Daphine Mlambo* discusses labour brokering in the context of the recent strike at the Post Office after which 294 workers achieved permanent employment.
Recently there has been a general increase in the number of services that provide temporary workers, commonly known as labour brokers. This has raised debates about the nature of labour brokering in South Africa. In this article we discuss the Post Office workers strike in the East and West Rand and the Vaal regions of the Gauteng province against their continued employment under labour brokers. While government and trade unions debated, these workers successfully engaged in an unprotected strike. The article is based on interviews with workers, William Mlangeni and Mthokozisi Buthelezi, in April 2012, at the Casual Workers Advice Office in Germiston. These two ‘ex-labour broker ‘workers who are now employed together with 292 workers by the Post Office.
History of the Post Office Strike:
In 2001, the Communication Workers Union (CWU)signed an agreement with the South African Post Office (SAPO) to make all the workers permanent after they had worked for a certain number of years. Most workers worked for more than ten years without this agreement being implemented. There were five labour broking companies affiliated to the Post Office namely TAS (with whom most workers were working under), Amarula Ngindi, Moshito and Quest. The workers related as employees to the Post Office even without any formal contract. Workers explained that there were two registers at their depots; one is for labour broker workers and another for SAPO.
The first attempted strike didn’t materialise because of poor preparation and after a court interdict workers went back to work. There was also a general feeling from the interviewees that CWU neglected their struggle. The recent successful strike lasted three months and was their second attempt within a space of six months. Workers mobilised within different depots and got leaders to communicate to other workers. Workers were threatened with dismissal and this impacted negatively on their mobilisation.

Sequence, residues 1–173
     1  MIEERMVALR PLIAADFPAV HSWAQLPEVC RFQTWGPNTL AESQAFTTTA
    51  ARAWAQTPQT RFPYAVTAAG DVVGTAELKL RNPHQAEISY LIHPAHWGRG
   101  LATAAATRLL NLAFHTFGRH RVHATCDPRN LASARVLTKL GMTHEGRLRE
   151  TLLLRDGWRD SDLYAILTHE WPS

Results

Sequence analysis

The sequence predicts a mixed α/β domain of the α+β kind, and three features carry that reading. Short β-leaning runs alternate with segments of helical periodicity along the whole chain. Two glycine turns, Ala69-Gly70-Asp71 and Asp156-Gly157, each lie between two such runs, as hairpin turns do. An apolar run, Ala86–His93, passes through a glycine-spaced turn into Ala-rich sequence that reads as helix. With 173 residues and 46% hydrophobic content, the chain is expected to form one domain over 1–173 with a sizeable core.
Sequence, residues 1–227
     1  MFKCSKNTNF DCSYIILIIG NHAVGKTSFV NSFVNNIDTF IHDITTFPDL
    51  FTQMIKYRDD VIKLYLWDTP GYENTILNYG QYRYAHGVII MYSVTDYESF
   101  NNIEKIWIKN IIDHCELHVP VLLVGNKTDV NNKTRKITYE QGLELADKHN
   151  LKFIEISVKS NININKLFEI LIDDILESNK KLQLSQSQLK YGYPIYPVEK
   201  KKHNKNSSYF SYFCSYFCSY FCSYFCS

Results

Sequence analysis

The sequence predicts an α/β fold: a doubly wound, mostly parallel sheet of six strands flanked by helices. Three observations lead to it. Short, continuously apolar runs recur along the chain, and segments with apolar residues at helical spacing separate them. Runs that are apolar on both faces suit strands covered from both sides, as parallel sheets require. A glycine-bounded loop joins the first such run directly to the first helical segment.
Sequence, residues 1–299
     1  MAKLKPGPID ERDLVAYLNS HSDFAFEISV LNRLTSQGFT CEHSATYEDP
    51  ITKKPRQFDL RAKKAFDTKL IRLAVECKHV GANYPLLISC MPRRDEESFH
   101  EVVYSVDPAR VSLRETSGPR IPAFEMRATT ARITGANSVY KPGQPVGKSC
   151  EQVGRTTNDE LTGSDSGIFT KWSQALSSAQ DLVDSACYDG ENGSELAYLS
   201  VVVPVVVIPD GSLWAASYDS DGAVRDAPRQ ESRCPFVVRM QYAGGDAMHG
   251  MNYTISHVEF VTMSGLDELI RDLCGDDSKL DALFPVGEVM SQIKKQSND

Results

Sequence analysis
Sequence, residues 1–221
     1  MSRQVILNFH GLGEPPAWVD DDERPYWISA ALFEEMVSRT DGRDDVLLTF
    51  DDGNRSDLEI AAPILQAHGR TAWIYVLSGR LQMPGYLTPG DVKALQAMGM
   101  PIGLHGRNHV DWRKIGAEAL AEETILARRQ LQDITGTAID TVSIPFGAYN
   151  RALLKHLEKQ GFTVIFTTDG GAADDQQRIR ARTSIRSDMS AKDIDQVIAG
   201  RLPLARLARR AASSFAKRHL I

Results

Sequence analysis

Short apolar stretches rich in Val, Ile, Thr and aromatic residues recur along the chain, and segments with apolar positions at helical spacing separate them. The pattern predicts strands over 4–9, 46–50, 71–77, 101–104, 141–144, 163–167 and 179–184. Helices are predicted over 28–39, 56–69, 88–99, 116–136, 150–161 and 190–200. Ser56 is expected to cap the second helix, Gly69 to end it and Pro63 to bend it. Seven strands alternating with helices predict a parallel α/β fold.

The (unprotected) strike started off with between 600 and 700 workers but only 294 remained when the strike ended. Workers received smses threatening their dismissal from their labour brokers during the strike. Some were even under the impression they were no longer employed. In the final stages of the strike workers turned to the South Africa Postal and Allied Workers Union (SAPAWU) as CWU had let them down previously. The Post Office finally agreed to employ 300 workers permanently. Although the strikers had to apply for the positions, they received preference. The Post Office agreed to terminate their services with labour brokers within three months. Workers have had no communication with labour brokers since the strike.
In terms of the very important question this journal seeks to address on the state of resistance and social movements and unions, the strike is important. One debate focused on the role of unions in organising. One view argued against organising with unions, because unions can be interdicted and barred from industrial action, whereas it is easier to organise as individuals or groups of workers. Another view highlighted how SAPAWU indicated that unions can help workers in their struggle. It seems workers are willing to join SAPAWU and give it a chance.
There was an interesting turn to the strike, the workers who ditched the strike and returned to work, called “Amangudwane”(rats), are now on strike. After the Post Office employed the 294 strikers, they went on strike. The strikers, are not accepting any help from colleagues and there have been cases of violence. The labour brokers still hold meetings in some depots. With regards to the state of movements and organising, in the SAPO case, the union initially representing the workers was biased and didn’t represent workers. Workers had to mobilise on their own and the strike is evidence of this. Workers sustained their struggle without the support of a union. If there is a need for unions, they need to consider new ways of mobilising and sustaining themselves.